Now comes the most difficult part. The RTV will take from two days to a week to cure and harden. During that time, you MUST leave the headliner alone. Do NOT touch it. Do NOT try to remove wrinkles. Do NOT steam it. Just leave it alone until it dries. For those of us with OCD this will be a very painful period, but you MUST let the RTV cure before continuing.

    Windshield Technique
    My memory may be faulty, but I think that the windshield part of the headliner goes between the rubber and the metal window frames.

    Windlace and Alligator Teeth Technique
    The windlace should already be installed. The alligator teeth should already be attached to the door frame opening. After the RTV on the rear window and the windshield have both been completely cured, trim the headliner sides to about an inch overlap over the alligator teeth and push the headliner between the alligator teeth and the windlace with the headliner installation tool.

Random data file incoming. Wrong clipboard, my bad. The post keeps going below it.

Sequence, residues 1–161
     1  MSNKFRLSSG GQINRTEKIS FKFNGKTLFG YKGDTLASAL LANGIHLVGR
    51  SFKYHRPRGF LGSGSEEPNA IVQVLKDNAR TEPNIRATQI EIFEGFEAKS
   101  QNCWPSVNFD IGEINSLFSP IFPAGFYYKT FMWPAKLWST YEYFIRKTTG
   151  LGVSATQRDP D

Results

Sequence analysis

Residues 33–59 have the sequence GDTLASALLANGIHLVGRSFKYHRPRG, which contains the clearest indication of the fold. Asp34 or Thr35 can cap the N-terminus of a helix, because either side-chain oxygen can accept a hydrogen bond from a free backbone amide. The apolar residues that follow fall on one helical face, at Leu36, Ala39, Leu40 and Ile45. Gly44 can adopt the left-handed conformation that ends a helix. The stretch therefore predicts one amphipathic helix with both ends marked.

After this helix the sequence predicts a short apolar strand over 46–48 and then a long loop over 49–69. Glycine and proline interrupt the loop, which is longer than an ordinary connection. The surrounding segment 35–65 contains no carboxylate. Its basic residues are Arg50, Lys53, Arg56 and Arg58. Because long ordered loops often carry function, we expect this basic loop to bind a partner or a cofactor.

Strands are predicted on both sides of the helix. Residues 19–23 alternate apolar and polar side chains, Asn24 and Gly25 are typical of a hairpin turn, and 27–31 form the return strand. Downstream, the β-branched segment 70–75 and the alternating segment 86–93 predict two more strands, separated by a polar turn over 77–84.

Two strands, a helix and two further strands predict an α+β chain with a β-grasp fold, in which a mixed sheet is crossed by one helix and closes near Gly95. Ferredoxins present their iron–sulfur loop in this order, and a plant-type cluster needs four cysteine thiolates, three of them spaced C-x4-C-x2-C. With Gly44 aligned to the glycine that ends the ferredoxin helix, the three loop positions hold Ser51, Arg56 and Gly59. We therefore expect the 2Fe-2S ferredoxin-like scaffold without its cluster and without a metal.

Completion of Installation
    After this is finished, you can get any wrinkles out of the headliner by steaming it.

    The 1951 Champion did not have a dome light so there was no concern there. The 1950 Commander did have a dome light and my recollection is that after the RTV had cured I cut an x-shaped opening for the dome light and glued the headliner to the dome light socket with contact adhesive. But my memory may be faulty.

    Thoughts for Improving the Technique